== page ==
Deaths, Injuries Dog Crab Industry

small_dungeness_crab_netted_on_a_tide_flat_near_brinnon_on_the_hood_canal-_lure_of_crab_nettingCOMMERCIAL DUNGENESS CRAB FISHING on the West Coast is one of the riskiest jobs in the United States, based on fatality rates. But nonfatal injuries in the fishery often go unreported, a study from Oregon State University shows.

“The commercial Dungeness fishing fleet, which operates along the coast of Oregon, Washington and Northern California, is a vital economic commodity,” says OSU researcher Laurel Kincl, an expert in environmental and occupational health and safety in the College of Public Health and Human Sciences.

Examining 12 years of crab-fishing data, she found 28 deaths from 2002 to 2014. During that same period, 45 injuries were reported to the U.S. Coast Guard. About 70 percent of the fatalities were linked to the capsizing or sinking of vessels. Fishermen drowning or falling overboard accounted for the rest. Among injuries, fractures were the most common, followed by hypothermia, lacerations and digit amputations.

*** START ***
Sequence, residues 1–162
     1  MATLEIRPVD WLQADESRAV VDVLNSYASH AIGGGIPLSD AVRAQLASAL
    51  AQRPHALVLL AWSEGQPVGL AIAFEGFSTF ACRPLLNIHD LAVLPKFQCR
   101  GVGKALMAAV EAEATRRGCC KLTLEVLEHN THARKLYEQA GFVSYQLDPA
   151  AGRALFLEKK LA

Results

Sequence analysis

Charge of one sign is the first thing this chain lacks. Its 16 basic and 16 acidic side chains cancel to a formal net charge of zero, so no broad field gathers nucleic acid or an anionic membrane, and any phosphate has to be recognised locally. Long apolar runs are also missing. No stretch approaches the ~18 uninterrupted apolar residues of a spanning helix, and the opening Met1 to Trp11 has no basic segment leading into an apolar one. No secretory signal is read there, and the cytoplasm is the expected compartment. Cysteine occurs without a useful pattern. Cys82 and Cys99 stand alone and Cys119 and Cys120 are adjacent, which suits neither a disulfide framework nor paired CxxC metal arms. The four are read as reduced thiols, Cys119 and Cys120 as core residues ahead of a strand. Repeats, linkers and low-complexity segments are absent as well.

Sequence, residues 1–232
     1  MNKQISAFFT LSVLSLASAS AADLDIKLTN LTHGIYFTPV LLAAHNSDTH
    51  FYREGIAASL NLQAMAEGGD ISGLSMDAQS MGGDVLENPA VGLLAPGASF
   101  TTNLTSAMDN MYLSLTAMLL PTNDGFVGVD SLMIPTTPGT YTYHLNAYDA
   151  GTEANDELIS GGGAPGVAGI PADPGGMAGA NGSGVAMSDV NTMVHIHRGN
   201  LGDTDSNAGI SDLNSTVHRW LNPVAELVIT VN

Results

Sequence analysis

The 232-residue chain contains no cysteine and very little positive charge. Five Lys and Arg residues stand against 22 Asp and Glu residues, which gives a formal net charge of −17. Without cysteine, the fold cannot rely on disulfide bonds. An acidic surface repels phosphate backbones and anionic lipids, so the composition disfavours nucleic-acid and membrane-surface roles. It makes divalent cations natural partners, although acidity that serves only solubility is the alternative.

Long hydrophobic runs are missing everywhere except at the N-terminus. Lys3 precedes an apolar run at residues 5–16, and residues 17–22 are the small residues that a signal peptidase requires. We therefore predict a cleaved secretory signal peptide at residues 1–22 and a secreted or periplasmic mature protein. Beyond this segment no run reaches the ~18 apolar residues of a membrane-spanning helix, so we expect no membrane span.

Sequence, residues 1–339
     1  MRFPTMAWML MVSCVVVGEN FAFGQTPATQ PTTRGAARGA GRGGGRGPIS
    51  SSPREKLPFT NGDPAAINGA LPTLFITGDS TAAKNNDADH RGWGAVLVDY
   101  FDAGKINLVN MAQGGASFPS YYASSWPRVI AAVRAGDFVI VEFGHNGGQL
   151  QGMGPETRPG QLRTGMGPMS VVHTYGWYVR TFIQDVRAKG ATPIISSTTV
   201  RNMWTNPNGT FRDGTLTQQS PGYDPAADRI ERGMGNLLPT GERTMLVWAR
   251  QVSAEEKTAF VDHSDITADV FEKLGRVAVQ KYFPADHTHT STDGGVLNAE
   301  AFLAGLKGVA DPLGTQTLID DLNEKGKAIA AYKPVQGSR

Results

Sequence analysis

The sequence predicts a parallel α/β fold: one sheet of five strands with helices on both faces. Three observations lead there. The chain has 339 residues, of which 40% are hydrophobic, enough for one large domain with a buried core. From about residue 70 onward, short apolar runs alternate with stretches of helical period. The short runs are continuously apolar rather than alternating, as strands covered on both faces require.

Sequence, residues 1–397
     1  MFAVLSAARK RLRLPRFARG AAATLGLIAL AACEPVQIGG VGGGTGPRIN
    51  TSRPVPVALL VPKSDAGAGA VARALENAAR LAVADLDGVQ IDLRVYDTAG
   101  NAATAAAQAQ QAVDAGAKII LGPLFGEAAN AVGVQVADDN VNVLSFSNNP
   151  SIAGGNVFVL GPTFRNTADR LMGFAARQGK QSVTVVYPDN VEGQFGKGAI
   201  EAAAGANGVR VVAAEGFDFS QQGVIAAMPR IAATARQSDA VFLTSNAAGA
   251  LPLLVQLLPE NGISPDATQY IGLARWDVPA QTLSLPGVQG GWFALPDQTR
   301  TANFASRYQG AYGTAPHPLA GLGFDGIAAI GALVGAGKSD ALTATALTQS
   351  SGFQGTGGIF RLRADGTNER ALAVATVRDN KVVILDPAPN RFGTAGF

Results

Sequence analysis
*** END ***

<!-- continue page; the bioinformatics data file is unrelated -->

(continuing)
Along with Oregon Sea Grant and coastal-community researchers, Kincl is meeting with fishermen and surveying crabbing crews along the Pacific coast to learn more about safety and injuries in the industry. She and her colleagues plan to design and test interventions to help reduce injuries.